“I would shove it even further down, so I wouldn’t have to deal with it, so I would never have to talk about it,” he says. “I finally got to a point where it was my tipping point, where I just blew up. I just couldn’t take it any longer.” (Watch the full clip here.)This isn’t the first time Phelps has opened up about his mental health. Back in May, he spoke at an event hosted by the Substance Abuse and Mental Health Services Administration, where he stated: “For me, getting to an all-time low where I didn’t want to be alive anymore, that’s scary as hell. Thinking about taking your own life, I remember sitting in my room for four or five days not wanting to be alive, not talking to anybody.”
Suicide is the seventh leading cause of death for men. In fact, men are nearly four times as likely to die by suicide than women, according to the American Foundation for Suicide Prevention.
One potential reason for that number? A lot of guys try to ignore their depression and anxiety. At a young age, men are taught to suppress their emotions—so while a small percentage of guys report experiencing depressive episodes, the real number is probably much higher, since very few are willing to admit that they’re struggling, Fred Rabinowitz, Ph.D., professor of psychology at California’s University of Redlands told Men’s Health last year.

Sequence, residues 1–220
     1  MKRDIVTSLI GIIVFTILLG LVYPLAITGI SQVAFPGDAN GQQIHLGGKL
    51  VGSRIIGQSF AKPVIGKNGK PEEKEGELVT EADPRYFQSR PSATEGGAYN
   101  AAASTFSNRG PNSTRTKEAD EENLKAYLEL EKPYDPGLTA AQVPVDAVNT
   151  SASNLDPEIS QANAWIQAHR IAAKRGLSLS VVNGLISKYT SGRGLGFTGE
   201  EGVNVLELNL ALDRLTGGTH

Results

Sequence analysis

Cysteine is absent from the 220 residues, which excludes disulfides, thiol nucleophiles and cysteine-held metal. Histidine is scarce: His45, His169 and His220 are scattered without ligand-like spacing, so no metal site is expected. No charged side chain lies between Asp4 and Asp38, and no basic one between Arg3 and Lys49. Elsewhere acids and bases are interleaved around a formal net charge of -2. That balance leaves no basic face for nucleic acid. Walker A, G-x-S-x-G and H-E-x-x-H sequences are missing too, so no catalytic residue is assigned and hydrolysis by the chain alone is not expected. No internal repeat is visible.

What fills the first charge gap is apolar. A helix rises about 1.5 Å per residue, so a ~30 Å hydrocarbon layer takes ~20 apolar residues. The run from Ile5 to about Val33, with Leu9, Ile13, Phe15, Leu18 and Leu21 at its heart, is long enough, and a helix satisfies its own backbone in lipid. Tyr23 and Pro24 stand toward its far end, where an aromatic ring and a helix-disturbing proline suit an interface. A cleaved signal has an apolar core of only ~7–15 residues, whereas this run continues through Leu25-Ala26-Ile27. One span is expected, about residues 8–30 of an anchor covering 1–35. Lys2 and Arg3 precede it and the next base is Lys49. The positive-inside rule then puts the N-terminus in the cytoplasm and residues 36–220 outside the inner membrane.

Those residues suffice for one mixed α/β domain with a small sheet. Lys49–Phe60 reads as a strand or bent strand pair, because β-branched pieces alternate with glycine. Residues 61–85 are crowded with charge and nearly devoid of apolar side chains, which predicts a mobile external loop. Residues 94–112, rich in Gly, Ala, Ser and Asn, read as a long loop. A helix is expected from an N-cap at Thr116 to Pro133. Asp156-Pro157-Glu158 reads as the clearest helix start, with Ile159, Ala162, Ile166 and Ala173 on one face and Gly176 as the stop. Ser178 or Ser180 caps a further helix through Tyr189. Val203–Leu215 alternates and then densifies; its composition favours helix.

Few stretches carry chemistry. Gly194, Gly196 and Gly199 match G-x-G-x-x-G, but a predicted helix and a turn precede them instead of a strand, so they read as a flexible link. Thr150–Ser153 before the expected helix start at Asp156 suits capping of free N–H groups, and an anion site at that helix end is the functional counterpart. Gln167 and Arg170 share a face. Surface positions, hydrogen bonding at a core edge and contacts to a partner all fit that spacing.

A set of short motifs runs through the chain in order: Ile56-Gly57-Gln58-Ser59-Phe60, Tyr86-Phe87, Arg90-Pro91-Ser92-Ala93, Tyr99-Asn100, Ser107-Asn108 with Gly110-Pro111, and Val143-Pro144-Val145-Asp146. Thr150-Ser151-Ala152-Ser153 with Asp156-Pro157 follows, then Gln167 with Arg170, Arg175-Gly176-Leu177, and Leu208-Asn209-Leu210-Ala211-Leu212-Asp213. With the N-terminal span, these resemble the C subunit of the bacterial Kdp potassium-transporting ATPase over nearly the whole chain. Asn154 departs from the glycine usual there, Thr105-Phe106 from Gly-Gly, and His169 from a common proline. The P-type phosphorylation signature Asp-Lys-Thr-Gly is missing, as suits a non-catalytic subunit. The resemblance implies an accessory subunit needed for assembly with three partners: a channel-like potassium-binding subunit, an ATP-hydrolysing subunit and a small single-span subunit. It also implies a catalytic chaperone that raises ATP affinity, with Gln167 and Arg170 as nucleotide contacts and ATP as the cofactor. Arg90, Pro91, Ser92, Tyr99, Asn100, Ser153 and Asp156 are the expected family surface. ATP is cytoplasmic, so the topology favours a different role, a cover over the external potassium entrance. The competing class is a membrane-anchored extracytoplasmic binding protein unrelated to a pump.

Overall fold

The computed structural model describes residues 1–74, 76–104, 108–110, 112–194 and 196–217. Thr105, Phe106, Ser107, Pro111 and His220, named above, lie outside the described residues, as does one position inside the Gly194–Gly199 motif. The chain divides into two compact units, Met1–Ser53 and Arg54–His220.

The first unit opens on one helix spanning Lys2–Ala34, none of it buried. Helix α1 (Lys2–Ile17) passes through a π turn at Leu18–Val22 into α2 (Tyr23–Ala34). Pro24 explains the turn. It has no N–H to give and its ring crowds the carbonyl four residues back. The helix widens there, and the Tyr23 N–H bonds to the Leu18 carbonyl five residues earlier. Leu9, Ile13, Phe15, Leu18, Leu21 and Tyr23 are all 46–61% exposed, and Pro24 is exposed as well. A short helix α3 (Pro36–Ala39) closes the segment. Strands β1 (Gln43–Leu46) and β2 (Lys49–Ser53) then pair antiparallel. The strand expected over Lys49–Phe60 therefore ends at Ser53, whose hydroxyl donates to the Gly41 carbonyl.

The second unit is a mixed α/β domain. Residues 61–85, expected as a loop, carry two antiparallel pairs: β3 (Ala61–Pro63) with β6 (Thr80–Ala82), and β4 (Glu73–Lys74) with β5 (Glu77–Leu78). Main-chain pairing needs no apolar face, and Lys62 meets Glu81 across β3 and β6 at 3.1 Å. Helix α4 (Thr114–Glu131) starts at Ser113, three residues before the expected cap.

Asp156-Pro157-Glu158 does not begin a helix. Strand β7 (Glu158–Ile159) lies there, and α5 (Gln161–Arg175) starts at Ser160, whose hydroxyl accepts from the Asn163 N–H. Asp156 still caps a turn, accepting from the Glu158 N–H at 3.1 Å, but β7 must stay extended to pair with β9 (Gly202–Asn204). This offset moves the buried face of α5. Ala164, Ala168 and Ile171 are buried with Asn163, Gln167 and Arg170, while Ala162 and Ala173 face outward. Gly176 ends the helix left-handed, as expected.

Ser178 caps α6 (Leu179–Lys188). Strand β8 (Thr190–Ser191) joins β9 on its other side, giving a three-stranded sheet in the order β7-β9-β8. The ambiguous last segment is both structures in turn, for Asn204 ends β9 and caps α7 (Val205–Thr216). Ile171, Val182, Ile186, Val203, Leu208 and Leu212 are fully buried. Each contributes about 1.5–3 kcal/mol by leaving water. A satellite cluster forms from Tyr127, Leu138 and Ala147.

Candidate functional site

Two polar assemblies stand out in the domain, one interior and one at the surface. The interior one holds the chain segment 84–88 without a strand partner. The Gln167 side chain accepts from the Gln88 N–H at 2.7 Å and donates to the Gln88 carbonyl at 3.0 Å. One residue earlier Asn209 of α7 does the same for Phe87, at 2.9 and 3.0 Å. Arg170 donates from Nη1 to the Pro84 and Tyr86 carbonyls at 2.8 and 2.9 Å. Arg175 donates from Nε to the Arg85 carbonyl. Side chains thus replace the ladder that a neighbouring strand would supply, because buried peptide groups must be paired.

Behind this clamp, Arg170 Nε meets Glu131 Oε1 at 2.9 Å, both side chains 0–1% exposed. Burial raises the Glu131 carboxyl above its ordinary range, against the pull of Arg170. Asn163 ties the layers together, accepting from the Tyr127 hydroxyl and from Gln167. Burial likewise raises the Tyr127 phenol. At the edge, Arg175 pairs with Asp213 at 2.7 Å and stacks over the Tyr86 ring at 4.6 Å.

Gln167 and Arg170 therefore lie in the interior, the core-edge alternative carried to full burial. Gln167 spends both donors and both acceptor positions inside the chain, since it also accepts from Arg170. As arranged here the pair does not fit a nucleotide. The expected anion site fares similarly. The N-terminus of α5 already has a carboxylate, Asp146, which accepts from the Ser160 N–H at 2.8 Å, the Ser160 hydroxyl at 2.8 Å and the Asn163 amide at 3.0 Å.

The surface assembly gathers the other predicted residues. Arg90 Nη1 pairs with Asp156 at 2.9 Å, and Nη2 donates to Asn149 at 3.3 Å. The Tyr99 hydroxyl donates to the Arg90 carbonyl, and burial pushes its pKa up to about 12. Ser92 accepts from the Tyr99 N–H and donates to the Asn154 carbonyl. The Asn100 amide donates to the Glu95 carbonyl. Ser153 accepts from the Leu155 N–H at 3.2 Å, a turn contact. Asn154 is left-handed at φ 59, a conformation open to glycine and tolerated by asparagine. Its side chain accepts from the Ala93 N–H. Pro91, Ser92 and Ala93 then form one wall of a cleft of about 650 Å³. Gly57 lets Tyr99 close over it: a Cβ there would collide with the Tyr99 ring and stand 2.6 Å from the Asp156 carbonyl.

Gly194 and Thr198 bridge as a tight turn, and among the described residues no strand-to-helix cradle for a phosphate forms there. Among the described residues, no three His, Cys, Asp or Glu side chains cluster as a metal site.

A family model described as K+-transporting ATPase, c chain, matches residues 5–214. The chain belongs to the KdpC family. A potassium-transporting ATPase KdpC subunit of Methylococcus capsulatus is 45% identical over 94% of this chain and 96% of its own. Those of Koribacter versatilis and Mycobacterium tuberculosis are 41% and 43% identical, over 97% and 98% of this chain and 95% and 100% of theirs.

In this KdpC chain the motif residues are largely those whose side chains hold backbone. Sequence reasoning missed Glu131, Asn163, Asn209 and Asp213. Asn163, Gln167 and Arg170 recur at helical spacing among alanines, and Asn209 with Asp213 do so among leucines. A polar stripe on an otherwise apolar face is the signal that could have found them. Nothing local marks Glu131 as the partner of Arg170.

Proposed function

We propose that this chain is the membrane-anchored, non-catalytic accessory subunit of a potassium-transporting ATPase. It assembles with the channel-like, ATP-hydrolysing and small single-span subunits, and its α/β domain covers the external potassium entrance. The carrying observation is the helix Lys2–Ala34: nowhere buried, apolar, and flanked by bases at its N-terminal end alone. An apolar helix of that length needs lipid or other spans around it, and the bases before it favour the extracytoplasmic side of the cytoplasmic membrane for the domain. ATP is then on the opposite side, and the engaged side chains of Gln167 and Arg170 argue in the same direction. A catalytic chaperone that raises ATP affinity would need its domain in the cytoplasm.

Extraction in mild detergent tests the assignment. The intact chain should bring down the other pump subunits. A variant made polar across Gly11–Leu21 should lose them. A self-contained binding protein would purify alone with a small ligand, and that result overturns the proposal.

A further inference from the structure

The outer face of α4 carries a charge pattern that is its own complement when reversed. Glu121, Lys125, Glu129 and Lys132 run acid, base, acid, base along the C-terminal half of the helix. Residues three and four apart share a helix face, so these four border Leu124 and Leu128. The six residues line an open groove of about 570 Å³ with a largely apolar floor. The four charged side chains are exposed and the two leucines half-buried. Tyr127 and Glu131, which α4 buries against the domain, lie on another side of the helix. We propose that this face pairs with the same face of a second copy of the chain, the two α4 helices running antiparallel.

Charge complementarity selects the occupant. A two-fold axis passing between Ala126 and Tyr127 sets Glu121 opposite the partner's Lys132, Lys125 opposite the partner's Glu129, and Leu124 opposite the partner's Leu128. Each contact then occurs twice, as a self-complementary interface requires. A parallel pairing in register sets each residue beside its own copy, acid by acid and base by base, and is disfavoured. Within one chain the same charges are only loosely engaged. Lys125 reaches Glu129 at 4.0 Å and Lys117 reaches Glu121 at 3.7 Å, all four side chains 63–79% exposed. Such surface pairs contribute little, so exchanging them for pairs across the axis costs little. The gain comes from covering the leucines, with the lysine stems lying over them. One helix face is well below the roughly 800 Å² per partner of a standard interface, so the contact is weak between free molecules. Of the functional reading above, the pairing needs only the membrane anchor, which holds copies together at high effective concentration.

“Male depression sometimes manifests through the ‘male code’ that says you cannot show weakness, sadness, or vulnerability,” he explained. To find a socially acceptable way of coping, your feelings may manifest through symptoms more specific to guys, like anger and excessive drinking.
Men who deal with anxiety—which can include generalized anxiety disorder, panic disorder, and more—tend to experience similar problems, according to the National Institute of Mental Health. (Here’s how one man overcame his terrible anxiety.)
The kicker? When your mental health takes a dive, talking about it is one of the most effective ways to get better, even though trying to forget your problems exist can be tempting. For Phelps, speaking up made a difference.
“I started talking about the things that I went through, and once I opened up about that and things I had kept inside of me for so many years, I then found that life was a lot easier,” he told the young boy. “I got to the point where I understood that it’s okay to not be okay.”
Think you may benefit from talking to someone? Here’s why every man should see a therapist, and how to find one you like.
Source: Michael Phelps Gets Candid About His Battle With Anxiety and Depression